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Flashcards in Standard of Care Deck (11):
1

Blyth v Birmingham Waterworks

D must behave as a reasonable man would in all the circumstances.

2

Hall v Brooklands Auto Racing

- Who is the reasonable man?
- The man on the Clapham omnibus.
- The standard is objective.

3

Glasgow Corporation v Muir

- Ignore the personal characteristics of the defendant.
- Impersonal test.

4

Etheridge v East Sussex County Council

- Although you ignore the personal characteristics, the standard is not absolute. D does not have to do everything possible to prevent harm, just reach the standard of a reasonable person.
- This means you don't have to ensure harm never comes to anyone, just not be negligent - act CAREFULLY!

5

THE PROFESSIONAL STANDARD

Bolam v Friern Hospital Management Committee

- What would the reasonable professional have done rather than the man on the Clapham omnibus?
- Solicitor should attain standard of reasonably competent solicitor, doctor of reasonably competent doctor etc.
- May be room for variation in some professions e.g. GP not expected to reach same standard as consultant.

6

THE LOWER STANDARD

Nettleship v Weston

Wilsher v Essex

- General rule: courts reluctant to accept lower standard than that of reasonable man.

- Nettleship - learner driver required to drive to the standard of the reasonably competent driver.

Wilsher - junior doctor judged by standard of the reasonable doctor in that field of medicine, regardless of own inexperience.

7

EXCEPTION - Children

Mullins v Richards

- D and C both 15 y/o school girls.
- Play fight, piece of plastic ruler broke off and hit one in the eye.
- Correct test is whether a reasonable and careful 15 year old would have foreseen the risk of injury.
- 2 schoolgirls on the facts could not reasonably have foreseen risk of injury here.
- D had not fallen below standard of reasonable 15 y/o.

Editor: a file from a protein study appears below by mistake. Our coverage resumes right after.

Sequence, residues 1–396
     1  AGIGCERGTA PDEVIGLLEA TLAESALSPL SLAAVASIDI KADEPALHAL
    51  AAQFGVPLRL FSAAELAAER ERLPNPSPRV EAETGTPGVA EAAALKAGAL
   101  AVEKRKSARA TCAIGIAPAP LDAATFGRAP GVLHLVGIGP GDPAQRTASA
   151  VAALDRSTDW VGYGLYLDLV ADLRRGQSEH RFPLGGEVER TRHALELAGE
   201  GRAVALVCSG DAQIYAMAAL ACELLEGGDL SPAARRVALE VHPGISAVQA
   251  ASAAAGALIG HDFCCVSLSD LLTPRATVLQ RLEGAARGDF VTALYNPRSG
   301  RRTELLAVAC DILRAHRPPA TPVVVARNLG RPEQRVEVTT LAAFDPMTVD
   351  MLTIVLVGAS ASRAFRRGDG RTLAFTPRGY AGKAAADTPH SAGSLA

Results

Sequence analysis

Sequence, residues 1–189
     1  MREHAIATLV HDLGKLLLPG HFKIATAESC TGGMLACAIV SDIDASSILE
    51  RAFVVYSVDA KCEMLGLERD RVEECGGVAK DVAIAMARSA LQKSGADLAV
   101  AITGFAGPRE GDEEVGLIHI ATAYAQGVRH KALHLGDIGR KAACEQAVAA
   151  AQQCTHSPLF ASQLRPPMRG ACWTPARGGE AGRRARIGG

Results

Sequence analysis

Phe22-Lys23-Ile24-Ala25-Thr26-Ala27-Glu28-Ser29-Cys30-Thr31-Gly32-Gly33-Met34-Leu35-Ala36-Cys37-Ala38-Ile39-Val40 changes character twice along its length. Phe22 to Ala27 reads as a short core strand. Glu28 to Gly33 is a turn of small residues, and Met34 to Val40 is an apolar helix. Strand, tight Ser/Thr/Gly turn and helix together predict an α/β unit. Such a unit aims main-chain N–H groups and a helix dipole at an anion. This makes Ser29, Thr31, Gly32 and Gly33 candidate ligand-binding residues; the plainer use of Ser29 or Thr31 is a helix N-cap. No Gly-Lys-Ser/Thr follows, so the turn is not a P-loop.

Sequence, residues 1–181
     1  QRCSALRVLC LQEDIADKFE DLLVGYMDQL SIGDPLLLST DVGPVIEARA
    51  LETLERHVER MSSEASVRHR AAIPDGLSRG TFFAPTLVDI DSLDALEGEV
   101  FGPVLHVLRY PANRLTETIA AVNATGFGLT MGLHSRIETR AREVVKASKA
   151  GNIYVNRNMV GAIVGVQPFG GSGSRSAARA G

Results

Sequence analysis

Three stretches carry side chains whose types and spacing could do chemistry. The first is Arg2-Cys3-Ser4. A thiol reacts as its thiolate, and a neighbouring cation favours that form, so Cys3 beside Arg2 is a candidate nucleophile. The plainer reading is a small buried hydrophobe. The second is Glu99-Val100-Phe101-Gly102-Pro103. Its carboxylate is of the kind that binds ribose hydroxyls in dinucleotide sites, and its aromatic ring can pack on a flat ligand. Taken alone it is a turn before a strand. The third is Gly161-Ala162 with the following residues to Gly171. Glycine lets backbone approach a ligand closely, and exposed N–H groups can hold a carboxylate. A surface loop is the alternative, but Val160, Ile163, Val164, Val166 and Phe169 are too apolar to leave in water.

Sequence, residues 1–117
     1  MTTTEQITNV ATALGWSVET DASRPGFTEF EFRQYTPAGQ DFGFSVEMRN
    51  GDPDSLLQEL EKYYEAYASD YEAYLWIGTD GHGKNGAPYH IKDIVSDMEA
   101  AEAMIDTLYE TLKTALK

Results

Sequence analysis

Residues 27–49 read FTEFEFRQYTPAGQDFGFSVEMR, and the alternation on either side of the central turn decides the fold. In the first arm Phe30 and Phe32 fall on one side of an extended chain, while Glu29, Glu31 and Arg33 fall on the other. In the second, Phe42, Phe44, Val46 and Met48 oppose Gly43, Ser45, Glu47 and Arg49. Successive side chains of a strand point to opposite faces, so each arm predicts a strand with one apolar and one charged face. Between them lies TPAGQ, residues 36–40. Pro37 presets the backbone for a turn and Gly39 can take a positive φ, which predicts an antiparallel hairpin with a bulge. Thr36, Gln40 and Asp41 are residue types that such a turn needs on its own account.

8

Orchard v Lee

- Two 13 y/o boys playing tag in school playground - one collided with and injured C.
- Where 13 y/o child was playing in play area, not breaking any rules and not acting to significant degree beyond norms of the game, would not be liable.

9

PROBLEM CATEGORIES

1. SPORTS CASES

Condon v Basi

Watson v Gray

Condon
- Higher degree of care required of first division footballer than that of local league player.

Watson
- Professional footballer judged by standard of care of reasonably competent footballer. Professional footballer would avoid challenges known to carry significant risk of injury.

10

2. CHOICE OF STANDARD

- Ask: who would usually perform the relevant task/act?
- The reasonable professional or the reasonable man?
- Choose the standard based on this.

Wells v Cooper

Philips v William Whiteley

Wells
- C suffered injury when door handle came off in his hand. D was householder who carried out work on his property.
- Changing door handle does not require specialist skill so D required to reach standard of reasonably competent amateur carpenter, not higher standard of professional carpenter.

Philips:
- Jeweller who undertook ear piercing required to possess skill or reasonable jeweller, not surgeon.

11

3. DISABILITY/ILLNESS

- Do courts consider D's illness/disability in determining the standard of care?

- Roberts v Ramsbottom
- Mansfield v Weetabix Ltd

Roberts:
- D was elderly man who had stroke before driving into town.
- Aware consciousness was impaired but did not realise he had had stroke.
- Collided with stationary van then hit and injured C as she emerged from stationary vehicle.
- D was negligent - to be judged by standard of reasonable competent driver.

Mansfield:
- Lorry driver crashed vehicle into C's shop after suffering hypoglycaemic attack.
- No evidence to suggest BEFORE crash driver knew ability to drive was impaired.
- Crash and attack happened simultaneously.
- Could not take evasive action, so D was to be judged in comparison with reasonably competent driver who is unaware he is suffering a condition which impairs ability to drive.
- No liability.